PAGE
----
One other brief thing I wrote in my journal while in Istanbul that I knew a few of you who read this would appreciate…

Sitting alone on a wooden bench on the last day of February, palaces and ornate mosques and beautiful ancient churches and thousands of years of history behind me.  Clusters of frail trees just beginning to blossom with tiny pink flowers line the Bosphorus before me, and grimy fishing boats bob up and down in the water, knotted piles of fishing nets scattered here and there; across the strait, I see the Asian side of Istanbul, the minarets of its many mosques rising up out of the haze that rests over the city.  I’m sitting here quietly, alternating between watching the fishermen and reading Anne of Green Gables (yes, again); and though I really do know that Anne is not a real person, I still find myself feeling like she’d experience a “queer thrill” knowing that she’s sharing this particular moment with me.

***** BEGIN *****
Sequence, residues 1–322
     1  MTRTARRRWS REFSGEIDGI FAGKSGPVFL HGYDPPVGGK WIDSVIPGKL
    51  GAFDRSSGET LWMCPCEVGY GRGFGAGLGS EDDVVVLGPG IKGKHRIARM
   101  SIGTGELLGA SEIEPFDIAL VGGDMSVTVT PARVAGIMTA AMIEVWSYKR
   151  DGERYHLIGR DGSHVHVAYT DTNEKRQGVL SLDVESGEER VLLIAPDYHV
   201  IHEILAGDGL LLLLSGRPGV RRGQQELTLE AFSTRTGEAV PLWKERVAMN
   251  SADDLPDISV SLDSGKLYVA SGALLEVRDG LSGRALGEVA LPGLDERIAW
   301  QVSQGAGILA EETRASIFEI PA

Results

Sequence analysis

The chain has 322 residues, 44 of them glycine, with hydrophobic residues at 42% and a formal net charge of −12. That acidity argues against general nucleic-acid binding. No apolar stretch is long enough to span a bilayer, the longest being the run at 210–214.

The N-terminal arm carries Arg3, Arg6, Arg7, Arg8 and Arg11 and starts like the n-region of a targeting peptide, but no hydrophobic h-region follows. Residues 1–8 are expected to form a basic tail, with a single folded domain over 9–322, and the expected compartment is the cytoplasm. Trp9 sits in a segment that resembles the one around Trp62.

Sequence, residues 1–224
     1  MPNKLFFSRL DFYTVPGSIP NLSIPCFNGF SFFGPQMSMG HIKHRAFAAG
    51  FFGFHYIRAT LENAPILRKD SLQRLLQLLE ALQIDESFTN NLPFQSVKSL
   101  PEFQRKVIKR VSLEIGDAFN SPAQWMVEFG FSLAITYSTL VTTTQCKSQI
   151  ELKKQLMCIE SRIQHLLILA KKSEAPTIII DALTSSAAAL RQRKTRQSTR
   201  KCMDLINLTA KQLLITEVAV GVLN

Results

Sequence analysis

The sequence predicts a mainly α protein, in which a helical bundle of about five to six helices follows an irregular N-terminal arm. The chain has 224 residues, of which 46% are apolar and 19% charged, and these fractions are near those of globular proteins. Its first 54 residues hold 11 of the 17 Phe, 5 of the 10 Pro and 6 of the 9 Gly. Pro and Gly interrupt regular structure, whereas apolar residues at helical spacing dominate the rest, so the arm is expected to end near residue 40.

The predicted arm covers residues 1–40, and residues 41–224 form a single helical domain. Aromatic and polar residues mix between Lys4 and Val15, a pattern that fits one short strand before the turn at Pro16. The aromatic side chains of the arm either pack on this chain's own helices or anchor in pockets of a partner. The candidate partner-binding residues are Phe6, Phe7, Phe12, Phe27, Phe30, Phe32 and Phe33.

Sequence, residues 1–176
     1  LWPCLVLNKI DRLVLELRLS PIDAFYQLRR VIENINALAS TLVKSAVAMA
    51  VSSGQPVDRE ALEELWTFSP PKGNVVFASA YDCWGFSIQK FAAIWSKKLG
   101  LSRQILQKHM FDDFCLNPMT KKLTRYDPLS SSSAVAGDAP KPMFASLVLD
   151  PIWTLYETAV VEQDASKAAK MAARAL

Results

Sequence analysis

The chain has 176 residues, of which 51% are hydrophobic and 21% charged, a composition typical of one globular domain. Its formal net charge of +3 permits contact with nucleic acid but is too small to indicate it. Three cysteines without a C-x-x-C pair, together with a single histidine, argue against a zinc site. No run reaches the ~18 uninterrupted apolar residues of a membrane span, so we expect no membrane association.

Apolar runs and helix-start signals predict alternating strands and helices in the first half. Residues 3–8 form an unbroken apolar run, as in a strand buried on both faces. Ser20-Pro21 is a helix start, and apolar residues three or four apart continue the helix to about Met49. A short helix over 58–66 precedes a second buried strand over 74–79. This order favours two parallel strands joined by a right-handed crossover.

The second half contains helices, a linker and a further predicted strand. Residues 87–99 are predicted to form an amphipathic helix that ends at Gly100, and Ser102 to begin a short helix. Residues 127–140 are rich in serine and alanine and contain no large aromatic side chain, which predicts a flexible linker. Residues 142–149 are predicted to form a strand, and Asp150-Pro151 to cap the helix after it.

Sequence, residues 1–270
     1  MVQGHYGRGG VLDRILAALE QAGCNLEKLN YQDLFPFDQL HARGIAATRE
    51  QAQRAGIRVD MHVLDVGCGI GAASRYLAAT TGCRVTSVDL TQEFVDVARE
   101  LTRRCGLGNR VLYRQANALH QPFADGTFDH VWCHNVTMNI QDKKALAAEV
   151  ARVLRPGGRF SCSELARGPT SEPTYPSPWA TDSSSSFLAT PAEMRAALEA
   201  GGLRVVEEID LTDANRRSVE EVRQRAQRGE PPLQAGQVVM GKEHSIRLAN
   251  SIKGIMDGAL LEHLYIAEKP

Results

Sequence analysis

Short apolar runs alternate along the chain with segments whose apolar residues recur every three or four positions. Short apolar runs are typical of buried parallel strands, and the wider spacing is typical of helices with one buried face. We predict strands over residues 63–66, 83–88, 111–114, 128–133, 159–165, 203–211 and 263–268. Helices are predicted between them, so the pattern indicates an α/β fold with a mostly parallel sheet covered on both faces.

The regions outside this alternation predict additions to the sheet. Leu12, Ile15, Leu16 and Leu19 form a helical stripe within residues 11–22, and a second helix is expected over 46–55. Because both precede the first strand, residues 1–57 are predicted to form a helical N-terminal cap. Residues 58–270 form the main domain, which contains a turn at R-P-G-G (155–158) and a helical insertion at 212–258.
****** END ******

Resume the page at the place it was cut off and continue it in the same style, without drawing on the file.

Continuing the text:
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I have, however, come across one quote that I find myself disagreeing with.  As Anne is reaching the wise age of 13, she observes:

“That’s the worst of growing up, and I’m beginning to realize it.  The things you wanted so much when you were a child don’t seem half so wonderful to you when you get them.”

My kindle tells me that many previous readers have highlighted this quote, and I guess I can understand why.  But I’ve found myself thinking exactly the opposite so many times in the last few days.  If ten-year-old Hannah could look into the future and see 22-year-old Hannah, she would be so excited to reach these days of hiking in the Middle East for a living and setting off to Istanbul on a whim and finding my wallet a mess of 6 different currencies and keeping in touch with close friends on 5 different continents.  I don’t think she could have dreamed of a future more enticing than that (unless it also happened to include a marriage to Orlando Bloom.  That may have been the cherry on top for my middle school self).  Of course it doesn’t feel glamorous at every moment.  Of course every waking second isn’t an exhilarating adventure.  But when I think about where I am and what I’m doing and how deeply these things satisfy the shimmering castles in the clouds I constructed as a child, never really believing that I would see them realized… I feel pretty blessed.

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